We regret to inform you that we will not be paying any attention to your performance tonight, since our bosses just informed us that Allison has already locked in the coveted ‘cute and quirky teenage female contestant’ spot for this week. We know you’ve got mad talent, but we just can’t have both of you advancing to the top 12 at the same time. It’s a demographics thing! Also, remember, you’re 18; and it’s a lot more fun for Randy to shout ‘only 16!’ (which, coincidence or not, is Allison’s age). So that means that even though you have an adorable disposition, we’re going to accuse you of coming off like a haggard old battle-axe. Also, with your dark hair and your Hot Topic dress and the fact that you made it to Hollywood Week two years running, we just realized you remind us a little of Gina Glocksen. And she’s so season 6! Best of luck anyway! xoxo. — The Judges.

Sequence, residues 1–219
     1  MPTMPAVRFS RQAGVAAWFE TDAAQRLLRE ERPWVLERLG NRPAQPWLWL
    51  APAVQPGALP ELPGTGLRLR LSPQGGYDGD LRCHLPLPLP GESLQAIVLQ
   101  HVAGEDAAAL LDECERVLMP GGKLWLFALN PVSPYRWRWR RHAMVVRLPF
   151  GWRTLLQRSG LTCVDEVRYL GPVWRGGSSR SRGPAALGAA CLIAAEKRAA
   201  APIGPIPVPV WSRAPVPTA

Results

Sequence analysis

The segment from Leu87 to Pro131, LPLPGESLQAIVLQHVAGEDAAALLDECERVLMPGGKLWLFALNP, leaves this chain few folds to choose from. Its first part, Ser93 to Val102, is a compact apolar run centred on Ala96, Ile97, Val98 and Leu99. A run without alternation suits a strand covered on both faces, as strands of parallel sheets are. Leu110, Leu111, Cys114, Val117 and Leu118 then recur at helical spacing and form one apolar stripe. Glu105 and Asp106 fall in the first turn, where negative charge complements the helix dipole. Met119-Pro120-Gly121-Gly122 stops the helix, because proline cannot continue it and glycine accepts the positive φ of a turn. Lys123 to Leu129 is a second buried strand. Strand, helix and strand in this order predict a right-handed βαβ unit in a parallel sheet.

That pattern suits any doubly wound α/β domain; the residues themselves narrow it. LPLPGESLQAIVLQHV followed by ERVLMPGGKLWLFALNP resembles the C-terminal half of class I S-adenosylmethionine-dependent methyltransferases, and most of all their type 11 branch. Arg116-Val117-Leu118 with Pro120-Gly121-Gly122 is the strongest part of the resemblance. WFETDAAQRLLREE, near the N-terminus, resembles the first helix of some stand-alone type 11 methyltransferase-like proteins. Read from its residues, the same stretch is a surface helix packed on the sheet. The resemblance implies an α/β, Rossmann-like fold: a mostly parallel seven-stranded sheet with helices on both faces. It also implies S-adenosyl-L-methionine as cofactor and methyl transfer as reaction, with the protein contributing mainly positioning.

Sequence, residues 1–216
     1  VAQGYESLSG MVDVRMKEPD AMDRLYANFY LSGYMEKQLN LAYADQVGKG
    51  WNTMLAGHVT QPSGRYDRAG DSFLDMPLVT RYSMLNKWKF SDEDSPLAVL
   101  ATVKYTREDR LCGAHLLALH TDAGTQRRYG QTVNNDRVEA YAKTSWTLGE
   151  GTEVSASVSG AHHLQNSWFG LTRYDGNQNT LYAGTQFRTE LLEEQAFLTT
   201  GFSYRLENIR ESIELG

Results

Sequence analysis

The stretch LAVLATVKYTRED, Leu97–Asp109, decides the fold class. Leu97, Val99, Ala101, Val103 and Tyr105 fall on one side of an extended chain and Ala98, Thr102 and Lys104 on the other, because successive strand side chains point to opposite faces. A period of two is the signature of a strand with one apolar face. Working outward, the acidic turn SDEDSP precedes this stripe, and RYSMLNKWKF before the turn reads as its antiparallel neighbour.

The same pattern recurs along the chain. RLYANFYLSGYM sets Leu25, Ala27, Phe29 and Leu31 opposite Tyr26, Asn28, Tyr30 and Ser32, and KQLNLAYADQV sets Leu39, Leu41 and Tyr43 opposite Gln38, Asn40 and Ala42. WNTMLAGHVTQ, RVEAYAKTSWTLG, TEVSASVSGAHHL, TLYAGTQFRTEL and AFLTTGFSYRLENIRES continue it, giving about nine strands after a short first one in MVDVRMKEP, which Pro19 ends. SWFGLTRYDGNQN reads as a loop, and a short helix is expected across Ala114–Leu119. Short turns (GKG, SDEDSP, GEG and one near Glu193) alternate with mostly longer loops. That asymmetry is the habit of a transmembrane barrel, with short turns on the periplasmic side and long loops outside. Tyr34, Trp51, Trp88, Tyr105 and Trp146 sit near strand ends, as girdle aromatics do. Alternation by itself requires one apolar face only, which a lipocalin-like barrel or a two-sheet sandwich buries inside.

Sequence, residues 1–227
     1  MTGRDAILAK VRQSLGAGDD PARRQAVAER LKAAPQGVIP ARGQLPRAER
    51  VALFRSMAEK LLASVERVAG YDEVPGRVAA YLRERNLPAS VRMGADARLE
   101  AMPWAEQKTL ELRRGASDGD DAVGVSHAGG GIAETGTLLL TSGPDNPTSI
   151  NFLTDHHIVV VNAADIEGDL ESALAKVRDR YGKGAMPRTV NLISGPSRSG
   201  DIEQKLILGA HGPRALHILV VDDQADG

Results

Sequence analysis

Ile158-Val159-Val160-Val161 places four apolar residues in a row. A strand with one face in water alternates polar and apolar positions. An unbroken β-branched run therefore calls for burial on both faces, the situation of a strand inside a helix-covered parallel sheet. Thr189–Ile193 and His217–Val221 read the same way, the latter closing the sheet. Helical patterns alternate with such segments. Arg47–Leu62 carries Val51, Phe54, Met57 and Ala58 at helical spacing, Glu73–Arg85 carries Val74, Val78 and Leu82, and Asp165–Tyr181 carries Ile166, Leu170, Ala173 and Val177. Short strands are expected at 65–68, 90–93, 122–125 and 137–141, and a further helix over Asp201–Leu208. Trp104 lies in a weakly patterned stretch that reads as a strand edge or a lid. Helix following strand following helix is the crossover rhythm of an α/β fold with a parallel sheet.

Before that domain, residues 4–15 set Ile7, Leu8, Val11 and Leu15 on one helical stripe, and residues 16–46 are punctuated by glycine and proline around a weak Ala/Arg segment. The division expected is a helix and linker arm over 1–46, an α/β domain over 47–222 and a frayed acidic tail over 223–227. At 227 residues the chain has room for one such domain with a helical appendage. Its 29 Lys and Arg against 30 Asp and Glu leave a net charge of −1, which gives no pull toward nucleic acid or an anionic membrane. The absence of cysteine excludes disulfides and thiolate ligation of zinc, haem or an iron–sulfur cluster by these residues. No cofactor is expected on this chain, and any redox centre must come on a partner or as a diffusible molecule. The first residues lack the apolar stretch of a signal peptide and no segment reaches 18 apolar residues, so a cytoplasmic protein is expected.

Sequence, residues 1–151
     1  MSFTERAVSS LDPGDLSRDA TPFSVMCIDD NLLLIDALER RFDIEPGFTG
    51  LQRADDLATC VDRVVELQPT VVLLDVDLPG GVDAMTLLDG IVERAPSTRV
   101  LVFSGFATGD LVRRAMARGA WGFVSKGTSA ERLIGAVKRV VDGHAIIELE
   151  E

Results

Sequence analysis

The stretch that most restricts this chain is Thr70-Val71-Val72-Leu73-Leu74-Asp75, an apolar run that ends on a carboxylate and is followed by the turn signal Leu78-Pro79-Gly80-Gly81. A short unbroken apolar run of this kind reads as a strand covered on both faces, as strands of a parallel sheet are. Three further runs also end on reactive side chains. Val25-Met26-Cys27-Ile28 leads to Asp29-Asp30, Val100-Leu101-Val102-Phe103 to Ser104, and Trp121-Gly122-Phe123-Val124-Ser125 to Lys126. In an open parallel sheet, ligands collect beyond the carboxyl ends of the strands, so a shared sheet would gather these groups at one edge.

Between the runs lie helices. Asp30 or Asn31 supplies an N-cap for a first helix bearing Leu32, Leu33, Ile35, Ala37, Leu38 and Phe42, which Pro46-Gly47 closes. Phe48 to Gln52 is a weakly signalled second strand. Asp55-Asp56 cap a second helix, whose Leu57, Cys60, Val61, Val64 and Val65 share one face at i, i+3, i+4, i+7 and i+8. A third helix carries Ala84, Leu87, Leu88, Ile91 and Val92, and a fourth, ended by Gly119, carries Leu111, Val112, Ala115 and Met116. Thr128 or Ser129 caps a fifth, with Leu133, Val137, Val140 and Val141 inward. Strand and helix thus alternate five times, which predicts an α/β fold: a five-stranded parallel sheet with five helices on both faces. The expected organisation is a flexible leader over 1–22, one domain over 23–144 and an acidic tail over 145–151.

P.S. Paula thinks you look lovely tonight, even though she’s laughing during your critique.”

What do I know, though? Maybe Mishavonna simply isn’t the kind of ”package artist” that gets Kara’s record-label pistons firing. And by package artist, Kara means: ”Looks: 10; Dance: 3.” (Chrous Line reference — mad snaps!) Sorry, Megan, we’ve got to go there for a hot second. And I do mean hot, because you have the face (and eyelashes) that could launch a couple hundred thousand text-message votes, even if you had a singing voice as bunk as Casey Carlson’s. Which, thank heavens, you don’t. But your dancing — was that for real? Because it kinda sorta brought me back to Sister Clarie’s first-grade class, when kids would fail to hit the bathroom before chorus, and then rock back and forth uncomfortably while singing. Combined with the stark white stockings and the white pom-poms on the front of your dress, the whole affair was, from a visual perspective, a wee bit incongruous. And an awful lot distracting.

As for your vocals…well, hang on and we’ll get to that.